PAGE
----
"On the contrary, you've put me in an awkward position. I'm offering you an excellent job. Max mentioned some of our issues in his e-mails. The dark market is making inroads in some of our outlier firms. It has to be stopped. Obviously you were intrigued or you wouldn't be here. Why not accept?"

"Personality clash. I heard you in the hallway."

"Perhaps you don't understand the company's organizational structure," he said with exquisite restraint. "I doubt we'll meet again."

"I disagree. As I understand it, Knight Enterprises' organizational structure is one of authoritarian leadership. You're hands on. You demand absolute compliance from subordinates."

His mouth tightened. "You've done your homework."

"I always do. And I have several other job offers, Mr. Knight. With the worldwide level of corruption, forensic accounting is in great demand." She smiled, sure of her prima donna status in her field at least. "Yours isn't the only company losing money to the dark market."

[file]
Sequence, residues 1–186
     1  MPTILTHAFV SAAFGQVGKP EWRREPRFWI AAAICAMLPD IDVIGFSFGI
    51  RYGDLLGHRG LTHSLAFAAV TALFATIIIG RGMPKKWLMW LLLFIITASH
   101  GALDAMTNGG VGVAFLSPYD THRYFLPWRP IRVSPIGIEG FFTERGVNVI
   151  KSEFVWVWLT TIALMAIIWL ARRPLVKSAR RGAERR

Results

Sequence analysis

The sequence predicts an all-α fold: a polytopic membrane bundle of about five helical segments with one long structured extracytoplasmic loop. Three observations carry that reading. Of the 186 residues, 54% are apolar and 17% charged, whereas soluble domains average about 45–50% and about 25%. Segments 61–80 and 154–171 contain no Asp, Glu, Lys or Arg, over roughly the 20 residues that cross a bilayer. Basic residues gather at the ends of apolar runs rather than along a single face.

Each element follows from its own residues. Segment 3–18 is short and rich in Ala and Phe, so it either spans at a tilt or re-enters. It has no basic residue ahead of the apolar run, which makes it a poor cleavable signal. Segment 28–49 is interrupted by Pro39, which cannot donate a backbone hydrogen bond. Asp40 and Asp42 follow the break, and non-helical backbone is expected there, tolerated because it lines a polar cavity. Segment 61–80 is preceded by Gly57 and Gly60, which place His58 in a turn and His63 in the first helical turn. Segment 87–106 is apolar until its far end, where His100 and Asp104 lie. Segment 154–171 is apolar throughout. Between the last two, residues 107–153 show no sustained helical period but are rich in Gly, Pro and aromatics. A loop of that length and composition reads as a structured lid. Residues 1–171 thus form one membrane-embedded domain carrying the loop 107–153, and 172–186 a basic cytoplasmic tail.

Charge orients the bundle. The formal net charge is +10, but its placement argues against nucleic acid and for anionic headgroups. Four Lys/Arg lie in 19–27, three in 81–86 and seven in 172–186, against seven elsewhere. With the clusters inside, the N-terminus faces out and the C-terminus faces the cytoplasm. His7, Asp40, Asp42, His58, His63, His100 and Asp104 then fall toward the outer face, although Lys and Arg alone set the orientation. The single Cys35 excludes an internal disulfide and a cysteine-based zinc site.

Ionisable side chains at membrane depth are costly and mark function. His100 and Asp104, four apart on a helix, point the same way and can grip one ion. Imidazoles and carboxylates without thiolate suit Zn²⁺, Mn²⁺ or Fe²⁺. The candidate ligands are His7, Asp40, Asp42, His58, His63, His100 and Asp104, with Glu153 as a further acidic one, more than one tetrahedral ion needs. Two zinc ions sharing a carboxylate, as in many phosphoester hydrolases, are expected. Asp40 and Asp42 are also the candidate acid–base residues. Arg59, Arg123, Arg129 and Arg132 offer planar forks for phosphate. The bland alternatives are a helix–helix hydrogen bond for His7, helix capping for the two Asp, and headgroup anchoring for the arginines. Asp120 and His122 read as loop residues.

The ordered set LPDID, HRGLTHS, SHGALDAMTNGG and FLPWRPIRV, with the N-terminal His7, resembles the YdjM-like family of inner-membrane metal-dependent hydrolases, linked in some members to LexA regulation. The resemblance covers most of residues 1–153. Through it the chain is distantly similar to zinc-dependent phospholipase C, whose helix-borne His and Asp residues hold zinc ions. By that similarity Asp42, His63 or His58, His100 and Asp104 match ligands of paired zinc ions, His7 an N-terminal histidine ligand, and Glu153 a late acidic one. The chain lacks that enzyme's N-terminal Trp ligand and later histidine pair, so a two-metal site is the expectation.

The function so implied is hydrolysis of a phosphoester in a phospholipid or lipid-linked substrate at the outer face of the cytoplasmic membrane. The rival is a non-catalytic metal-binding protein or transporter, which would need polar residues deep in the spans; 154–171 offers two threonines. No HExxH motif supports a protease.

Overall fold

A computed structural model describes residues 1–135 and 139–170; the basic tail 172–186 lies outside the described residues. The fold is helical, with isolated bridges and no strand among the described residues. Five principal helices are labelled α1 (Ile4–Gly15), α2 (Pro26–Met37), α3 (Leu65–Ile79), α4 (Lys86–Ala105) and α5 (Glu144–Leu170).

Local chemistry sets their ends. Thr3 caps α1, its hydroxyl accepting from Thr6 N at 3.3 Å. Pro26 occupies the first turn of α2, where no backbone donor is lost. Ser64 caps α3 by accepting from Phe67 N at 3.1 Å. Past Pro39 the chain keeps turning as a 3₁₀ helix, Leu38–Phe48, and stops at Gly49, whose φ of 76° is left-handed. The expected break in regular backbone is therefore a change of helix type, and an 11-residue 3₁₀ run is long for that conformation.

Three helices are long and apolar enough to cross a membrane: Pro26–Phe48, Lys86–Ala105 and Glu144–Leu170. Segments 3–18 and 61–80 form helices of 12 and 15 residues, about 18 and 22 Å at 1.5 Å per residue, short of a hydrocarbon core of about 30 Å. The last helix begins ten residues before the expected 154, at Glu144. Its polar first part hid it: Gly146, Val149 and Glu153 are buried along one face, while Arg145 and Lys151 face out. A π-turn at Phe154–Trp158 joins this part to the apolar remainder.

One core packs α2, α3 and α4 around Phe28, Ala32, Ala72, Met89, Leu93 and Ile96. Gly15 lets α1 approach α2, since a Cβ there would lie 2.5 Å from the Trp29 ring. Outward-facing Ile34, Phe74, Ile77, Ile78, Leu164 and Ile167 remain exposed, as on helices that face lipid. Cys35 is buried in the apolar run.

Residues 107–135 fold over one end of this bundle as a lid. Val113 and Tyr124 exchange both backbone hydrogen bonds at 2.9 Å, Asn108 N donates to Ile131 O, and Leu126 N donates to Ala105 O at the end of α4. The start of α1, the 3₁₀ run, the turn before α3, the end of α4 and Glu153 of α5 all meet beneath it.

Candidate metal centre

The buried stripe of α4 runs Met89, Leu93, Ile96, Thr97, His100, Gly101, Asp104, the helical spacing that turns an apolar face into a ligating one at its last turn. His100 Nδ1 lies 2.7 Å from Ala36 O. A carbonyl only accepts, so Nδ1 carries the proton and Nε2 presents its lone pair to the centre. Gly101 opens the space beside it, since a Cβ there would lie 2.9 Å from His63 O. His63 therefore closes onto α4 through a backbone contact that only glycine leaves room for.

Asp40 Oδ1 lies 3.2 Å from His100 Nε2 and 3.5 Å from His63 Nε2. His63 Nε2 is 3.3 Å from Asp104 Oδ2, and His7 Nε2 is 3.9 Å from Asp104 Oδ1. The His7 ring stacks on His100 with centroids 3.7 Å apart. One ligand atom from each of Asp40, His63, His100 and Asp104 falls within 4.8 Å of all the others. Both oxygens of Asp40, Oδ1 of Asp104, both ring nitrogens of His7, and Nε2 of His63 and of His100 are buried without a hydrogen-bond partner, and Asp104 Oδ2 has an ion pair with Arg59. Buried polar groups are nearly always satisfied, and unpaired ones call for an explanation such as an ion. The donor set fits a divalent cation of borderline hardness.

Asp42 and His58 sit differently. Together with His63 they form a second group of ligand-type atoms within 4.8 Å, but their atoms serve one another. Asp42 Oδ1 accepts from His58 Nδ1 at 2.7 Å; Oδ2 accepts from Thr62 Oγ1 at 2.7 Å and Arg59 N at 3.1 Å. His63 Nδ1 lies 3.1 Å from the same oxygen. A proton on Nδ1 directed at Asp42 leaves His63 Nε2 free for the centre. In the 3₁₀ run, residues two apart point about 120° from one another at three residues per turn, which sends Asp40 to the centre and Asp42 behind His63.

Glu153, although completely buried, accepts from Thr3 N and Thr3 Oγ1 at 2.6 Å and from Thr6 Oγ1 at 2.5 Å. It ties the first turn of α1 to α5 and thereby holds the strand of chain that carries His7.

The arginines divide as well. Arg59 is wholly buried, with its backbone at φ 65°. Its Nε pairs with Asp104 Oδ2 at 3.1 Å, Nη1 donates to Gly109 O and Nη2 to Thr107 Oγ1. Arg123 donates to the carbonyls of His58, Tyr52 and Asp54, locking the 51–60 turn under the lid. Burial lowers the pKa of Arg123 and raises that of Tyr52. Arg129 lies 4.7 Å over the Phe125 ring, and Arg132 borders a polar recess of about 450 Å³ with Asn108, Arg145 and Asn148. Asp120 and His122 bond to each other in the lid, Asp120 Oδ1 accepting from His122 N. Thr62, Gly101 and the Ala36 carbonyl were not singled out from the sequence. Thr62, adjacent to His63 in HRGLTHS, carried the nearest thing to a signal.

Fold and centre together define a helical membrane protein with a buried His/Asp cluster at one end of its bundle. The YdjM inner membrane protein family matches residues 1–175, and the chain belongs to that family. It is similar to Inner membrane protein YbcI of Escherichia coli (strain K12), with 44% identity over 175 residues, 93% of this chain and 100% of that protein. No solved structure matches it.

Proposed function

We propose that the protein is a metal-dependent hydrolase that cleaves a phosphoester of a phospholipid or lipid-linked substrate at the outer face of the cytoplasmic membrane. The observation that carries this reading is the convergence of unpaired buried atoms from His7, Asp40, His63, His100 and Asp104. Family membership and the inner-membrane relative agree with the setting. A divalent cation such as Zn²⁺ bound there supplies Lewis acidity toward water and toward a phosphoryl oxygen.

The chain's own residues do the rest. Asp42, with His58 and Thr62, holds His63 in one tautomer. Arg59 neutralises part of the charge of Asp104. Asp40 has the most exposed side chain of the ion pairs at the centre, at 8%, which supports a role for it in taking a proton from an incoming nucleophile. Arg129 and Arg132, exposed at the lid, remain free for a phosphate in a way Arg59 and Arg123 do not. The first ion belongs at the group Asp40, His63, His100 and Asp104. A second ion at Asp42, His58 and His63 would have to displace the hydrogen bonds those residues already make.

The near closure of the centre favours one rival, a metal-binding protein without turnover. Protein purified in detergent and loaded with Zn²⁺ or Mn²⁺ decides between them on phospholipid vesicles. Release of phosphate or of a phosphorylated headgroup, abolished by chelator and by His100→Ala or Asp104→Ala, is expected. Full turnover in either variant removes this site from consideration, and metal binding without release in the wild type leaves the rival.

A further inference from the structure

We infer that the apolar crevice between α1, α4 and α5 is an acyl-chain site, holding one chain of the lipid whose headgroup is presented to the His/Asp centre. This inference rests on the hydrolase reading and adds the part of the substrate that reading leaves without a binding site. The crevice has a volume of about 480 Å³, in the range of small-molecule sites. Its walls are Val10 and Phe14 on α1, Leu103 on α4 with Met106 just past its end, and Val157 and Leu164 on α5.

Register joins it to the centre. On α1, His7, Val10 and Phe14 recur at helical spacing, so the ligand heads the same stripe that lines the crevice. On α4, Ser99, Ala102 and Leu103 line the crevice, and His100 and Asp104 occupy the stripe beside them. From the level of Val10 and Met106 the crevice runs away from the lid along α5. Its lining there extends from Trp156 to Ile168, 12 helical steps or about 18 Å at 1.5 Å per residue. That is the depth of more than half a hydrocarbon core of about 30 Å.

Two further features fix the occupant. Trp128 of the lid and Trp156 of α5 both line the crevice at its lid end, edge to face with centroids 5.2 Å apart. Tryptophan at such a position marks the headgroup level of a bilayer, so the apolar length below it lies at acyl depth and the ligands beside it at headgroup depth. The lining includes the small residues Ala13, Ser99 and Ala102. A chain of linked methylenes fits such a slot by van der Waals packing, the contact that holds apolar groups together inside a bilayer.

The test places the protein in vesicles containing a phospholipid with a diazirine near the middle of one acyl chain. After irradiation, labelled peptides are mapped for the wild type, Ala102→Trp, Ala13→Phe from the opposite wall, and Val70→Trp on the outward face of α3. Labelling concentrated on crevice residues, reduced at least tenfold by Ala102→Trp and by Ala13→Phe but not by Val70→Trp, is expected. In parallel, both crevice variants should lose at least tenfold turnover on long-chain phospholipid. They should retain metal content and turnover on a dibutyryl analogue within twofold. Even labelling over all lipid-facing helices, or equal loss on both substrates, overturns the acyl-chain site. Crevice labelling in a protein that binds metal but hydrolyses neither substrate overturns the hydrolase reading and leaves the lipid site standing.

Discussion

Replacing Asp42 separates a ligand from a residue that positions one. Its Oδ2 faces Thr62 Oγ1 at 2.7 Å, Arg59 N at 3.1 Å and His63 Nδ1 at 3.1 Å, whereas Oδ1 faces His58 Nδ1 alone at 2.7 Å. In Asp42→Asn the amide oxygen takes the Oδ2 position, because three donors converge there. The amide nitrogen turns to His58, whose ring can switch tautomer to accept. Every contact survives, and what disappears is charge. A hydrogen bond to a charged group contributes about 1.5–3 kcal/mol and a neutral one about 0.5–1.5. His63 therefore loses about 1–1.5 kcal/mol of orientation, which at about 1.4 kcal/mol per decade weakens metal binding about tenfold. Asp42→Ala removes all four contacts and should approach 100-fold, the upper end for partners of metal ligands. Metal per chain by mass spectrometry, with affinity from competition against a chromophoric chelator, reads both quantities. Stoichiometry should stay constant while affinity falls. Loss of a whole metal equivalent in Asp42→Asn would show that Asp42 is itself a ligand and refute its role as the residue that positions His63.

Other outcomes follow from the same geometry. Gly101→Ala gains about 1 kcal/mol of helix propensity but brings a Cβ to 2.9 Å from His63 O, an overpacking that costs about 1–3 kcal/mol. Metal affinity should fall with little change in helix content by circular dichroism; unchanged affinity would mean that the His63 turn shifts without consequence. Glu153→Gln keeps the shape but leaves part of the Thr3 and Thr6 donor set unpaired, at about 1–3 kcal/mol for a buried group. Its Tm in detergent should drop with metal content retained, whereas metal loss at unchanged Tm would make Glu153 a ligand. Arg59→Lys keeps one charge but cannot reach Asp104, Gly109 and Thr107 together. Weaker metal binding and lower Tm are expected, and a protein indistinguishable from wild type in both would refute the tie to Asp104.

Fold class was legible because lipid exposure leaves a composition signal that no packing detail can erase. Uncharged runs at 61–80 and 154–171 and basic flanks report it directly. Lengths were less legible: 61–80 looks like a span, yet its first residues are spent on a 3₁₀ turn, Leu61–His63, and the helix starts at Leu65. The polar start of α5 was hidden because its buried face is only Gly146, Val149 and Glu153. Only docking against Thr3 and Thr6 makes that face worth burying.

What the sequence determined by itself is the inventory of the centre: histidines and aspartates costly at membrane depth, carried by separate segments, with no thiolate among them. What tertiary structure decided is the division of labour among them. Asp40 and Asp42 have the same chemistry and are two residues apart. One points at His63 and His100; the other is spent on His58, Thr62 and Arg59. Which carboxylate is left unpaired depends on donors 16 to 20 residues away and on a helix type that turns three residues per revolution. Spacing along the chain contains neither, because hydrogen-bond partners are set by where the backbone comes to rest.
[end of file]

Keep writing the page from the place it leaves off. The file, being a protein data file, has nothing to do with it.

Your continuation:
Her cheeky smile lit up her eyes and he looked at her for the first time as if she were more than just an obstacle in his path. She didn't know how to dress, but then the clothes of the young IT set weren't couture or colorful. Neutral tones went with their left brain functions. But her hair was a riot of red curls and her eyes were a potent green. Strange word. Bright green, he corrected himself. And beneath the drab army green jacket and slacks, he could see hints of a lithe, supple body that went well with her wide-eyed innocent beauty.

His lashes drifted downward an infinitesimal distance.

Hmmm. He hadn't considered that before, too intent on talking her around to his point of view. Not an easy task with Miss Hart. She wasn't docile. Or accommodating.